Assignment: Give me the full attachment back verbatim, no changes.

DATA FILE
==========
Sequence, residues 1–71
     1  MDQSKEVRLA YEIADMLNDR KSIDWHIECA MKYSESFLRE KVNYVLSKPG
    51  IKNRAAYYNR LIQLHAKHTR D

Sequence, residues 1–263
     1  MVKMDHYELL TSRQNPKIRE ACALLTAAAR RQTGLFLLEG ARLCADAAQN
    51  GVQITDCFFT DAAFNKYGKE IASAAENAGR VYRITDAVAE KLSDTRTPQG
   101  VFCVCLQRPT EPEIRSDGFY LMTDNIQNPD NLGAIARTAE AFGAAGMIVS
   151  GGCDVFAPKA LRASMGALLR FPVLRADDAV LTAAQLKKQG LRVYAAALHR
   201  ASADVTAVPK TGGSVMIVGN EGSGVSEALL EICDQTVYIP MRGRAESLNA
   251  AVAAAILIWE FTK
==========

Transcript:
Sequence, residues 1–71
     1  MDQSKEVRLA YEIADMLNDR KSIDWHIECA MKYSESFLRE KVNYVLSKPG
    51  IKNRAAYYNR LIQLHAKHTR D

Sequence, residues 1–263
     1  MVKMDHYELL TSRQNPKIRE ACALLTAAAR RQTGLFLLEG ARLCADAAQN
    51  GVQITDCFFT DAAFNKYGKE IASAAENAGR VYRITDAVAE KLSDTRTPQG
   101  VFCVCLQRPT EPEIRSDGFY LMTDNIQNPD NLGAIARTAE AFGAAGMIVS
   151  GGCDVFAPKA LRASMGALLR FPVLRADDAV LTAAQLKKQG LRVYAAALHR
   201  ASADVTAVPK TGGSVMIVGN EGSGVSEALL EICDQTVYIP MRGRAESLNA
   251  AVAAAILIWE FTK